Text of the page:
A former client has had to make a change in the accounting manager position at their company, and they hired a new manager before we began working together. We learned that the new accounting manager asked: “Why are you keeping your books on the accrual basis, when you file tax returns on the cash basis?” I was asked for my opinion.

Without commenting on the questionable credentials of the new hire, let me acknowledge that many small businesses face this same question, and far too often opt for cash basis accounting because it’s seen as simpler to understand and it makes their CPA’s life easier when income tax filing time comes around. So, in the interest of any of our readers for whom that’s a valid question, let me provide some insight.

Cash basis accounting is just what it sounds like – you record receipts when the money arrives in your door, and you record expenses when you sign the checks (or in the case of one client who previously only recorded those checks when they showed up on their bank statement). Then your accounting software produces the standard reports – income statement, balance sheet, etc. whenever you ask for them.

A couple of small problems:

  • If you sell your products and services to customers to whom you have extended credit (assuming you’re not the corner candy store that only deals in cash) your customers owe you money. But your financial reports don’t tell you how much money they owe you. You’ll have to run a separate report to get that, or keep a record somewhere else. Oops, just got a little less simple.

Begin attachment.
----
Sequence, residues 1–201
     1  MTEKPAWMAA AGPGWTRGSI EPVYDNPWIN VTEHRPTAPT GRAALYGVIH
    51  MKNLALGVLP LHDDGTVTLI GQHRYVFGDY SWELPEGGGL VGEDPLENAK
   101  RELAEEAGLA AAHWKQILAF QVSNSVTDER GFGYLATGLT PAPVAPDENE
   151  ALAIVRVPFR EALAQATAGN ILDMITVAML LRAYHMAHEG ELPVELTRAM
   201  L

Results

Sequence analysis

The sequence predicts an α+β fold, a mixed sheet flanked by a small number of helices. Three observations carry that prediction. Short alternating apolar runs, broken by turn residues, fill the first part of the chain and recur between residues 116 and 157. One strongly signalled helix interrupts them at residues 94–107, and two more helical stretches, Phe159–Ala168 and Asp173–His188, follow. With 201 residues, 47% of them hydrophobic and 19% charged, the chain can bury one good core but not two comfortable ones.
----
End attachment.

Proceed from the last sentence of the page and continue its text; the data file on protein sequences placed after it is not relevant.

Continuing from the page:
• If you buy the products you sell on credit, you typically get 30-day terms to pay those bills. But knowing how much you owe and to who, so you can make sure cash is in the bank when it’s time to pay them, sorry, you’ll have to run a separate report, or keep a spreadsheet or some other record – perhaps a stack of unpaid bills on the corner of your desk. Oops, just got even less simple.
  • Your company will often buy things that last longer than the time period between financial reports – inventory that you’ll sell over the next X months, insurance premiums and property taxes that provide value for a year, etc. If you want your financial report to show a real gross profit on your sales, you have to separate the goods you bought and sold from the goods you bought and haven’t sold. Holy Moley, we’re way past simple now. We’re in a quagmire of disinformation.
  • And to top it all off, your bank won’t lend your company money until they know the answers to those questions as well. You can send them all those separate reports and assure them they’re accurate even though they can’t reconcile them to anything, and they’ll trust you. Or maybe not.

My list of problems is only limited by the intended length of this post. So if you need to hire an accountant for your company, and the interview process brings up the question of accounting practices – as it should – you might ask them how they would feel about keeping your books on the cash basis, “to make income tax reporting simpler.” Then listen carefully to their answer.

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